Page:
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A Gift from HEAVEN
Michael Silver
September 11, 1995
NO doubt it's a bit much—for most people, anyway—to use those words to describe the opening of another NFL season, a Sunday on which 851,953 people in 14 stadiums witnessed 57 touchdowns, two overtime victories, the birth squalls of two new franchises and the relocation of two old ones. But the phrase is just right to describe a rookie running back's game-winning burst into the end zone, the perfect invocation for a new season.
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September 11, 1995

A Gift From Heaven

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NO doubt it's a bit much—for most people, anyway—to use those words to describe the opening of another NFL season, a Sunday on which 851,953 people in 14 stadiums witnessed 57 touchdowns, two overtime victories, the birth squalls of two new franchises and the relocation of two old ones. But the phrase is just right to describe a rookie running back's game-winning burst into the end zone, the perfect invocation for a new season.

He spent the hours before his first NFL game reading psalms out of a small Bible he keeps in a black, zip-up case. He said prayers on the sidelines in the fourth quarter and answered the taunts of Cleveland Brown defenders with "God bless you." Yet, when he finally had the chance to make a statement to the football-watching world on Sunday, rookie running back Curtis Martin, who is so religious that his New England Patriot teammates call him Moses or the Golden Child, acted not like a choirboy but a wild man.

Mouth yapping and fists pummeling the end-zone air, Martin celebrated his first NFL touchdown more fervently than any of the 60,126 fans at Foxboro Stadium. Having just made the dramatic one-yard lunge that gave the Patriots a 17-14 victory over the Browns in an opening-week battle of AFC powers, Martin was in perfect position to engage in a little religious symbolism. But in an era in which the kneeling end-zone prayer has become more trite than the overhead spike, Martin opted for a more spontaneous gesture. "My prayers were answered, and I was so excited, I just had to snap," Martin explained later. "My religion isn't something I have to show off. God is on my mind at all times, but that doesn't mean every time I get in the end zone I've got to get on my knees."

Perhaps it's the Patriots who should kneel in thanks, because if Martin, a third-round draft choice from Pitt, keeps running the way he did Sunday, opposing defenses will have more to worry about than quarterback Drew Bledsoe and tight end Ben Coates. Martin's 102-yard effort on 19 carries began with a bang—a 30-yard dash off left tackle—and ended with shouts of joy. With 24 seconds remaining and New England trailing 14-9, he was met in midair near the goal line by a trio of Cleveland defenders, but he surged forward a second time and stretched the ball across the plane of the goal. With that he also broke the spirit of a proud Brown defense that had dominated the Pats last January in a 20-13, first-round playoff victory at Cleveland Stadium.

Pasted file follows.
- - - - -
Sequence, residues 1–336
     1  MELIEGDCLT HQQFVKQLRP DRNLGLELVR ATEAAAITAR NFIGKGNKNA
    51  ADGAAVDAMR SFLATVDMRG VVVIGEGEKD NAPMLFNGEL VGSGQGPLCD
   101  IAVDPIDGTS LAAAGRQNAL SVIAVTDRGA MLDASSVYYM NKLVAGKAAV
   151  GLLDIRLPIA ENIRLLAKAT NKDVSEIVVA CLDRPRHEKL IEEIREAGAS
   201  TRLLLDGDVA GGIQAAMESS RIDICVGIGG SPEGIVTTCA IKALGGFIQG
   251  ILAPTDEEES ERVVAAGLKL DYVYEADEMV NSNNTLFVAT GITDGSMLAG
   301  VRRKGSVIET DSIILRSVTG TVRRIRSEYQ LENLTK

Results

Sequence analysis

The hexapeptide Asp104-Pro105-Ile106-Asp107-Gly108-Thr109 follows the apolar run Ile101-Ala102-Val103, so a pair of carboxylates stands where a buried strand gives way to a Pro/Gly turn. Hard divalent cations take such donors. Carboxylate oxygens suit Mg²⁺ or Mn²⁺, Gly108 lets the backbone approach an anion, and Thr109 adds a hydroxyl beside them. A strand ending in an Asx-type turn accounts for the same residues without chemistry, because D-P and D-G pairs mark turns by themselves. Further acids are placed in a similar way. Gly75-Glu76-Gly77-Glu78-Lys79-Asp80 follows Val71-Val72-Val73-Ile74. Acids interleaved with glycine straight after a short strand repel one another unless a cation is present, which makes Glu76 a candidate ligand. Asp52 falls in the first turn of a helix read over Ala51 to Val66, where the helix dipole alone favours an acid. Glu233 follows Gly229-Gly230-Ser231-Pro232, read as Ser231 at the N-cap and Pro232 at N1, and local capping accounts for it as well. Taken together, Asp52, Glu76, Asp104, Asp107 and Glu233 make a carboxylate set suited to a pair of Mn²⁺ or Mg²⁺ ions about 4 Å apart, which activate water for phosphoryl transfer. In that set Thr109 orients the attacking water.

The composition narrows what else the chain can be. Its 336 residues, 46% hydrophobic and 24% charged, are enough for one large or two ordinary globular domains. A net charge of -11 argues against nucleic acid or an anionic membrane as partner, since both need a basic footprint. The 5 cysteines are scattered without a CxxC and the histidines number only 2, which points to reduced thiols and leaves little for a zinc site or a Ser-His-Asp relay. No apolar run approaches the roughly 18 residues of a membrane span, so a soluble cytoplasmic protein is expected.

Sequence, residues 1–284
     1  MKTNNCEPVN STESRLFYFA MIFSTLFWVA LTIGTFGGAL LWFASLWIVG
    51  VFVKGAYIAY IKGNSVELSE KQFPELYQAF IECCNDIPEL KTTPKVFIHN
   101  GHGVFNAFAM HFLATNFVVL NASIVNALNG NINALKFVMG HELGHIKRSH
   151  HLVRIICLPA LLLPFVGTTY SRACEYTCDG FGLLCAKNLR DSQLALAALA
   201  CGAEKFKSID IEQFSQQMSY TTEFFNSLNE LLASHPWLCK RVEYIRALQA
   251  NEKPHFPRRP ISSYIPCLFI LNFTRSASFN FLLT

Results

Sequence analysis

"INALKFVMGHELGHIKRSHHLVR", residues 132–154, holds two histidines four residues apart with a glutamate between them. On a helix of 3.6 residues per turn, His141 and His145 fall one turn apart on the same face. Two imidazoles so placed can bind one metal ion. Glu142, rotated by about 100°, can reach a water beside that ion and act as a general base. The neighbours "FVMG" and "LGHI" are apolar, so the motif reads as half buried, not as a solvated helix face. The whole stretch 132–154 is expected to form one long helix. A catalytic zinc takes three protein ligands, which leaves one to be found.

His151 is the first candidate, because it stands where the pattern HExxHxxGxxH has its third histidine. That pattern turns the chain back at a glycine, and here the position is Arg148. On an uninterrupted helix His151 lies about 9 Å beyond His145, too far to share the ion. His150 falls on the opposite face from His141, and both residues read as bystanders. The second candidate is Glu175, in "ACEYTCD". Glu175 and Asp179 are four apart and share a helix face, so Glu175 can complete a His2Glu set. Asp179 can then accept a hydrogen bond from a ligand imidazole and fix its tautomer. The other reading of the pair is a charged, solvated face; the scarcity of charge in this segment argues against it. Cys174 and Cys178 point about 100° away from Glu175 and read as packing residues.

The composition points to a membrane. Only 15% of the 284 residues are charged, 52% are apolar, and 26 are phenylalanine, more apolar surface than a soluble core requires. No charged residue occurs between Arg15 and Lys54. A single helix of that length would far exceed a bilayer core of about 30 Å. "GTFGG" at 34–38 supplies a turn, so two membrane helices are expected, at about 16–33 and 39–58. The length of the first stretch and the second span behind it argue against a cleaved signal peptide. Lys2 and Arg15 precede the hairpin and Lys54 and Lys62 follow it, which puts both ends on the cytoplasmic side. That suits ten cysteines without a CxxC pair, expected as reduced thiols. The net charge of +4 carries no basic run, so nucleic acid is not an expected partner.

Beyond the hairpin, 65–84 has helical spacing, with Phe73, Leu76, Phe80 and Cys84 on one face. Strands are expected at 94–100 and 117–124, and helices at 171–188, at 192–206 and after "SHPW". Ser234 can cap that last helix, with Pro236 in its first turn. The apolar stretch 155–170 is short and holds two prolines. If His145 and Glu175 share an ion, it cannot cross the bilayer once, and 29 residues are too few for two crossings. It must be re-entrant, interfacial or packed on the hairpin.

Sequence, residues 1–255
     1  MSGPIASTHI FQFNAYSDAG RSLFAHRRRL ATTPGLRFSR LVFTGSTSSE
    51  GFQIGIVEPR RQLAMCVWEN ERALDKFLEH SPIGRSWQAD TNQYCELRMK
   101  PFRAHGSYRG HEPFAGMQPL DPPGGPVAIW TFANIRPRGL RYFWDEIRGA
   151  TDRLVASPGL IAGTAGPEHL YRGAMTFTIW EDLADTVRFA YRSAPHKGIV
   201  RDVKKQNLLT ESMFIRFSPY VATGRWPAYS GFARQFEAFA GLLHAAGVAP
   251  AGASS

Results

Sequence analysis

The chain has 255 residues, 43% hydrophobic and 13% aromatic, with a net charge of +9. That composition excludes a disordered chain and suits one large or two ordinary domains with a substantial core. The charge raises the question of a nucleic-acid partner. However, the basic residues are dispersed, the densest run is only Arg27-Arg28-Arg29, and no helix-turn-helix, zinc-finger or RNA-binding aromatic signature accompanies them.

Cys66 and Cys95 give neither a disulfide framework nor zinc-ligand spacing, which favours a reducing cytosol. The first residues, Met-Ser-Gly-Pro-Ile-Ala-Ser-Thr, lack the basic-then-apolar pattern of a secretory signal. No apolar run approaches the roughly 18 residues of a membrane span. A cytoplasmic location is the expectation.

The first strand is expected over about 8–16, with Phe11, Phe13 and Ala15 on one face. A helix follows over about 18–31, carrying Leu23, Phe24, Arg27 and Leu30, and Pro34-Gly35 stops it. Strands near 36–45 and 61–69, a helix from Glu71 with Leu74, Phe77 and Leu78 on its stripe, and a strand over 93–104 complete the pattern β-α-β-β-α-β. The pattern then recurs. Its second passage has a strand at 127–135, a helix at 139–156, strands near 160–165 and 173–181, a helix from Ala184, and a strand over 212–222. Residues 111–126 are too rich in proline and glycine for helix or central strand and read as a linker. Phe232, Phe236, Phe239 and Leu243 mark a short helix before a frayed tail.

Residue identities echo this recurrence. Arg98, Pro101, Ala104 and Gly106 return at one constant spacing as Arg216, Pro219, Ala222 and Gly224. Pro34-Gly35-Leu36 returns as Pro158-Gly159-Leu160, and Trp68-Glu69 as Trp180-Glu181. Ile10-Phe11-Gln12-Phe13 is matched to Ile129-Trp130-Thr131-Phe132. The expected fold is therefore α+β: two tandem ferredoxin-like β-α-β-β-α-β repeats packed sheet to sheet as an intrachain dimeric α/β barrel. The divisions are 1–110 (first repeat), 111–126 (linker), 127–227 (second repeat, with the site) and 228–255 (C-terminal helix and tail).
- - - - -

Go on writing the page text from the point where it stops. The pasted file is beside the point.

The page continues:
Cleveland was stunned by the 22-year-old Martin's resilience, because the Browns assumed he would be the one to break. They had seen film of his impressive exhibition efforts (190 yards on 52 carries), noting his breakaway speed and ability to bounce off tacklers. But Cleveland figured it could rattle Martin by smacking him around and talking smack from the get-go. If the Browns had truly scouted Martin, they would have understood how futile their plan was.

When Martin, on the game's first play from scrimmage, raced through a gaping hole, bounced right and tiptoed out of bounds 30 yards downfield, the Cleveland players started barking like dogs. "That's the last run you're gonna get, rookie," one Brown defender told him. "I'm takin' you out next time, you punk," another one threatened.

Some players might have been rattled. But Martin, whose past makes Boyz N the Hood look like the Hardy Boys, was unfazed, sometimes replying, "God bless you," other times responding with silence and another tough run. And though the Browns, on the strength of two Vinny Testaverde-to-Michael Jackson touchdown heaves, appeared to be in control of the game by halftime, they were unable to put away either Martin or the Patriots.

"We hit him with everything we had—stuff about his family, stuff you can't print," said Rob Burnett, Cleveland's Pro Bowl defensive end, after the game. "We tried to get him mad, but he wouldn't respond, and that's no fun. After a while it's like talking to a wall."

Martin's performance contrasted sharply with that of the Patriots' running game last season. After signing 250-pound Marion Butts to a $1.4 million free-agent contract before the 1994 season, coach Bill Parcells employed his signature power-running attack with disastrous results. Butts spent most of the time on his butt, averaging just 2.9 yards a carry. He is out of football, having been cut by the 49ers, while the 5'11", 203-pound Martin, who produced New England's first 100-yard game since Leonard Russell in December '93, has trouble believing that he's in the NFL.

Before he became a born-again Christian two years ago, Martin says he was on a path that could have ended in tragedy. "If you knew where I came from and what I've been through," he says, "you'd be amazed that I survived."

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